In its judgment of 16 April 2019 the Court of Appeal overturned the Competition Appeal Tribunal's (CAT) decision refusing certification in the MasterCard collective action claim and remitted the case back to the CAT for a re-hearing. The CAT's refusal to certify the claim and grant a Collective Proceedings Order (CPO) had been based on two principal reasons: the lack of availability of the sort of data that would be necessary for the applicant to prove that any overcharge had been passed on to consumers and the level of this, and the fact that the CAT did not see a plausible way of calculating the loss each individual claimant suffered at the distribution stage.
On the issue of overcharge, the Court of Appeal held that the CAT's approach to the expert evidence was based on a misdirection. The appropriate test should have been whether the CAT was satisfied that the proposed methodology is capable of or offers a realistic prospect of establishing loss to the class. At certification stage it was not necessary for the proposed representative to be able to produce all the evidence and data available to operate that methodology or to enter into a detailed debate about its probative value. Certification is a continuing process and a CPO may be varied or revoked at any time, so the CAT could always terminate a CPO if it subsequently transpired that the claim lacks sufficient data to calculate the rate of pass-on.
On distribution of damages the Court of Appeal held that the CAT had been wrong to consider that the aggregate award had to be distributed according to what each individual claimant had lost. It found that there is nothing in the legislation or the CAT Rules which requires aggregate damages to be distributed on a compensatory basis, and distribution is in any case a matter for the trial judge to consider following the making of an aggregate award, not for the CAT at certification stage. The Court of Appeal also referred to the rationale behind the legislation that introduced the collective actions regime, which was "to facilitate a means of redress which could attract and be facilitated by litigation funding, and had Parliament considered it necessary to limit this new type of procedure by what would be required for the assessment of damages in an individual claim, it would have said so".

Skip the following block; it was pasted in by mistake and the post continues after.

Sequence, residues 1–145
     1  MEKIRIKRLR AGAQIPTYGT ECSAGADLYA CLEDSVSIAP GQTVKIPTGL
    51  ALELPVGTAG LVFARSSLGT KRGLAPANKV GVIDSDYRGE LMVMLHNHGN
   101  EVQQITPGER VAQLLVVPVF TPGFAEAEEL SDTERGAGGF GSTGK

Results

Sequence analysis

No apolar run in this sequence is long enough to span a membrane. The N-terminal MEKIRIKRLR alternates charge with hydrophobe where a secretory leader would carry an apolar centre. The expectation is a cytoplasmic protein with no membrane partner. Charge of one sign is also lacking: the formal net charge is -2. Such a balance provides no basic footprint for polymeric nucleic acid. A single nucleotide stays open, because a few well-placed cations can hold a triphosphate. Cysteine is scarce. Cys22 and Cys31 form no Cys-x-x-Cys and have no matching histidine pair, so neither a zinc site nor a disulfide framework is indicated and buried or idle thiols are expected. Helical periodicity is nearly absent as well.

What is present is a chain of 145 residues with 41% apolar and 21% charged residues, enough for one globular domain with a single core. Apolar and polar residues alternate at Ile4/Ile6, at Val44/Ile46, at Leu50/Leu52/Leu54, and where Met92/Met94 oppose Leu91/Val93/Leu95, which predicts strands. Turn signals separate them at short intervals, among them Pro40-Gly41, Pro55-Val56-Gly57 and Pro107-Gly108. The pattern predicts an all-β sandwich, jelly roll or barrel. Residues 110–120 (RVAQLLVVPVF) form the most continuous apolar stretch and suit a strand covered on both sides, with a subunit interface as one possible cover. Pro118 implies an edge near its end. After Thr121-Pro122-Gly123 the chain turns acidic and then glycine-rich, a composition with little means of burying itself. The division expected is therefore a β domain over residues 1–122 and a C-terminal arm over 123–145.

- The UK class action regime has been in force since October 2015 and there have so far been only two decisions from the CAT on certification. The Court of Appeal has now overturned one of these and as MasterCard has indicated that it will seek leave to appeal to the Supreme Court, uncertainty on a range of key issues may continue for some time.
- An interesting point coming out of the Court of Appeal's decision is the emphasis placed on Canadian jurisprudence in order to inform the correct approach to a range of certification issues, in light of the similarities between the Canadian and UK regimes.
- It is also worth noting the Court of Appeal's statement that certification is an ongoing process and that the CAT can modify or terminate a CPO at later stage if, for example, it subsequently transpires that sufficient data to enable the calculation of the rate of pass-on are not available.
Background to the case
Under the UK's collective redress regime for competition law claims, a representative seeking to bring a class action on behalf of consumers and/or businesses must apply to the CAT for a CPO certifying the claim before it can proceed. The CAT must consider, among other things, whether the claims raise the same, similar or related issues of fact or law (common issues) and are suitable to be brought in collective proceedings, including the suitability of awarding damages on an aggregate basis.